By Felicia A. Petro/Senior Reporter
GROVE CITY —
The best way to define harassment policies in Grove City schools persists.
At Monday’s school board meeting, Superintendent Dr. Richard Mextorf revisited the issue, saying he had “alternative wording” he hoped would resolve the ongoing quandary.
During a rewrite of the district’s policies and procedure manual in the past 15 months, the Pennsylvania School Boards Association – which is assisting in the rewrite – suggested adding “sexual orientation,” “social status” and “economic circumstances” as protected classes in the harassment policies, in addition to other groups federally protected for race, religion, sex, national origin and disability.
For months, residents have particularly spoken against the sexual orientation term, presenting articles stating that it can be used as a gateway for radical gay activism in schools – namely, by silencing any opposition by calling it harassment or bullying.
Such silencing has resulted in successful lawsuits in the state, which also concerned some board members about the added classifications not being federally mandated like the others.
In January, the board agreed to remove terms and reexamine the issue; however, last month four out of seven members voted against leaving the terms out of the harassment policies. Two additional school directors were absent from the meeting.
Because beliefs about the issue are hotly divided, Mextorf wanted to find an alternative to please both sides.
On Monday, he suggested that harassment be prohibited against the federally protected groups “and other protected classes as identified by state or federal law,” leaving out the terms “sexual orientation,” “social status” and “economic circumstances.”
The new wording would ensure that any new group added by the federal government as a protected class in the future would be covered by the district, Mextorf noted.
Director Roberta Hensel said she was most concerned with kids who were harassed because of economic circumstances.
Being a district teacher for 35 years, “having seen the way children of lower economic standards is treated, I have no patience for that,” she said. “Those poor kids live a tough life ... and they’re picked on because don’t have the right clothes, they’re the free-lunch kids or have no support at home because mom has to work two jobs. They don’t need to be picked at all the time.”
Kids who are overweight or have acne “get picked on more” than the other classes in the policies, added director Paul Gubba. The additional classes are important, “but there’s such a push to be recognized,” he said. “In a sense, some people want to do them a favor; ‘You’re not mandated but we’ll recognize you to do you a favor.’”
Gubba and director Vern Saylor said harassment isn’t tolerated for any of the district’s kids.
Therefore, listing classifications “is absolutely ridiculous,” Saylor said. “You know what’s going to happen? No matter what we say with the policy, someone is going to come in and feel excluded because their (group) is not stated – but they’re all protected. It’s a frustrating policy. It really just should say, ‘Every freakin' kid.’ Three words. Just put them in.”
The policies “will have little to do with the day-to-day process,” Mextorf said. “If a kid (who is being harassed) comes in, we’re not going to say, ‘Sorry, you aren’t part of a protected class.’”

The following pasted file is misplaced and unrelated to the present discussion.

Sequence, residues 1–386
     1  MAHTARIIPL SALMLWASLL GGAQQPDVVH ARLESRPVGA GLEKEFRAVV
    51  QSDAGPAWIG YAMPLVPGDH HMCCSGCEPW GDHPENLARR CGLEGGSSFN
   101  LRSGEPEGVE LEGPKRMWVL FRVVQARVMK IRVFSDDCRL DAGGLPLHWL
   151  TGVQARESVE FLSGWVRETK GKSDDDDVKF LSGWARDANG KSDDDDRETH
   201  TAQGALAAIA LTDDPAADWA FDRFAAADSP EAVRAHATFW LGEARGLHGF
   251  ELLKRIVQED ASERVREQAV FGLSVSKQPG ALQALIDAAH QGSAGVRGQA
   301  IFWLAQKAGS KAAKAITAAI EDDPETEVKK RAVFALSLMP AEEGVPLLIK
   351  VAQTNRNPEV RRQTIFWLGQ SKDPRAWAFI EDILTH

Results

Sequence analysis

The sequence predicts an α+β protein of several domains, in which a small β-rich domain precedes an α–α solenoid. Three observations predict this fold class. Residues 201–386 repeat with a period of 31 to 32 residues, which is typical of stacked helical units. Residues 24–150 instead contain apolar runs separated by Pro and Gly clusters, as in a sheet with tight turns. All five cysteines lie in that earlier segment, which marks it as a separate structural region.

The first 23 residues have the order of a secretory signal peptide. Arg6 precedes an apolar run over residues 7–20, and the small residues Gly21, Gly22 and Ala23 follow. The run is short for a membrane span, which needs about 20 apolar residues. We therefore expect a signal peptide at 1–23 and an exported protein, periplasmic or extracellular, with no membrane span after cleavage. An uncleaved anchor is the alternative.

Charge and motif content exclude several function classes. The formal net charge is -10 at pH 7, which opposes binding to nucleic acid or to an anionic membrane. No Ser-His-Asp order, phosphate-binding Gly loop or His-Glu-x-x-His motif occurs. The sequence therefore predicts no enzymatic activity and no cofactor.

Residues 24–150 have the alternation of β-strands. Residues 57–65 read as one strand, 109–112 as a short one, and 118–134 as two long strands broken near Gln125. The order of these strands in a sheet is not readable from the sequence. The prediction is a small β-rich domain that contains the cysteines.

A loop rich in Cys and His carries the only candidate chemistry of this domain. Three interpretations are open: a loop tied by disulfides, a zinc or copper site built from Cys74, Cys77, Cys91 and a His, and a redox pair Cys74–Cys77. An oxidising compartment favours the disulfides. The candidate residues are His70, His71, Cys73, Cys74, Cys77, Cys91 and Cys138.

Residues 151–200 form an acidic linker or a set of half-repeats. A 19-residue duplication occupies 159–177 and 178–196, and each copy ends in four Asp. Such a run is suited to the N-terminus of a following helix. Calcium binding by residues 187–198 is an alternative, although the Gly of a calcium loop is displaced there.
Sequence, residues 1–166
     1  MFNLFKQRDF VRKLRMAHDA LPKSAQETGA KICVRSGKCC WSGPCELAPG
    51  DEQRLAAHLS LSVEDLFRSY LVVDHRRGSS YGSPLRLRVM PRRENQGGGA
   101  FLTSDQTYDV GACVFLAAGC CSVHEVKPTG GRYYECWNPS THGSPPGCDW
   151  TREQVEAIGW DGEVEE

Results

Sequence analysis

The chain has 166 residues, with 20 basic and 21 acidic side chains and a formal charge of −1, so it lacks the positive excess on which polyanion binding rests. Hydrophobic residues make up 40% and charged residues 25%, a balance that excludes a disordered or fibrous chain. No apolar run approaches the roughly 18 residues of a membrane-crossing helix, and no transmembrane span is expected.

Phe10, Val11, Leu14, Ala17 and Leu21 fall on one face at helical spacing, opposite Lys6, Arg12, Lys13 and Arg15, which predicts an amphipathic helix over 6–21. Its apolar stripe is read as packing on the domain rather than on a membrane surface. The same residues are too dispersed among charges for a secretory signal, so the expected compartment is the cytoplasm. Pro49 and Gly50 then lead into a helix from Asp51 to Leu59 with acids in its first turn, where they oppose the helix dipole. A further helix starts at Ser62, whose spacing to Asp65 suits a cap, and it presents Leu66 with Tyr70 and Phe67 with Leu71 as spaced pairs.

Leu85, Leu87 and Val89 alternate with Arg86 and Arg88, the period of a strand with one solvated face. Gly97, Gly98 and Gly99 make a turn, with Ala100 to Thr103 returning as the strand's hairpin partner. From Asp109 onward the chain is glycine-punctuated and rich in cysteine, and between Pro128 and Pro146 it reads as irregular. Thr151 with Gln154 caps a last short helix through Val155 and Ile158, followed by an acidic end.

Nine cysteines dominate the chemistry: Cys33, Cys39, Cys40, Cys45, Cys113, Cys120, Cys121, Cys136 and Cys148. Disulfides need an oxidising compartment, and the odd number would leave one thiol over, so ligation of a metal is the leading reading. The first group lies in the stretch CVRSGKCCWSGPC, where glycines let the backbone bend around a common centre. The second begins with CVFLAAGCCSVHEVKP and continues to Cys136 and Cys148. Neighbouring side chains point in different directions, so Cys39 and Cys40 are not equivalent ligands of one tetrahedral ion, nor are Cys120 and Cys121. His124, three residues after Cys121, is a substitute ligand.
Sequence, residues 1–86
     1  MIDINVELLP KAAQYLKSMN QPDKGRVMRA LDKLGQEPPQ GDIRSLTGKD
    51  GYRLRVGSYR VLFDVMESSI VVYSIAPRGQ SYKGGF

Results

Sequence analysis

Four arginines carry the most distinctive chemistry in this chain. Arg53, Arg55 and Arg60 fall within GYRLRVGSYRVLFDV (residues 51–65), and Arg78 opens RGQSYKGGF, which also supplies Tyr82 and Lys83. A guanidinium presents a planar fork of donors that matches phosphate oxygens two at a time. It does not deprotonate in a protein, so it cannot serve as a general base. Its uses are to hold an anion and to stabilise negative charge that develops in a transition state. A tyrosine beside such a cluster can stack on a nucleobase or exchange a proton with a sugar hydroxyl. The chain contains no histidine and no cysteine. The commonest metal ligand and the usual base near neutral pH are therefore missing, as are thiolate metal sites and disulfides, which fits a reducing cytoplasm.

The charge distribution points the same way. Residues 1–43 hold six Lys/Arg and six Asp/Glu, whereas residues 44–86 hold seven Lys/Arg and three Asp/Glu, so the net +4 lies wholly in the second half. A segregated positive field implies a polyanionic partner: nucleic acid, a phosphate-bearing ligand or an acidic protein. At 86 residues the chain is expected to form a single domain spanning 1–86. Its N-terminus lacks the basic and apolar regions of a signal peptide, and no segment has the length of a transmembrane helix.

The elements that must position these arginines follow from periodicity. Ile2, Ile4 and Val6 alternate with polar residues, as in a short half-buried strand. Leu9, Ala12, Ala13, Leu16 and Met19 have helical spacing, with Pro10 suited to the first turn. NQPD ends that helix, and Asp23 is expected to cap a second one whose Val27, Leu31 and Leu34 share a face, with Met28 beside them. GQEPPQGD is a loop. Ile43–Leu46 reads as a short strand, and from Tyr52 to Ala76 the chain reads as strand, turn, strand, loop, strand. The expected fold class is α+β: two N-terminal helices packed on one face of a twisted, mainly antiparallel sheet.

Director Scott Somora wondered if all the classes could be removed from the policies and the district could add “all,” he said – or are the policies federally mandated.
The traditional classes are generally used in federal laws protecting them from discrimination, although that could overlap with bullying and harassment, according to information provided by board President Sue Herman from PSBA’s policy specialist.
Additional information from PSBA from the U.S. Department of Education’s Office for Civil Rights states that sexual orientation isn’t a federally protected class, but discrimination based on sex can apply to sexual orientation in some instances.
Mextorf said he would have to ask legal counsel if the district needs to have a list of the federally protected classes for the harassment policies.
Carolyn Oppenheimer – who has been against the sexual orientation term – believed Herman inappropriately inferred at last month’s meeting that PSBA’s lawyers were superior to five attorneys consulted by board members and citizens about wording in the harassment policies.
“I believe that was inaccurate and inappropriate of a board member. It’s healthy to get legal viewpoint of both sides of controversial issues,” she said.
The PSBA lawyers “came up short on case law on these issues,” Oppenheimer said, adding that three classifications was “troublesome,” according to those five attorneys. “PSBA lawyers are highly qualified but not infallible,” she said. “They may suggest something we should revise or reject ... (because) it doesn’t fit with the school district, its goals, ideology or school makeup.”
The PSBA information provided by Herman at last month’s meeting “didn’t feel proper,” Somora added. It was before the board’s vote on the three classifications in the harassment policies, rather than offered at a workshop meeting, he noted.
“I don’t think it’s appropriate ... to use the office of president to sway,” Somora said. Researching Robert's Rules of Order, one section states that the president of a governing board “should have the least to say on a pending issue,” he said.
Herman declined to comment on Somora’s and Oppenheimer’s remarks after the meeting.
Published March 5, 2014, in Allied News. Pick up a copy at 201 A Erie St., Grove City.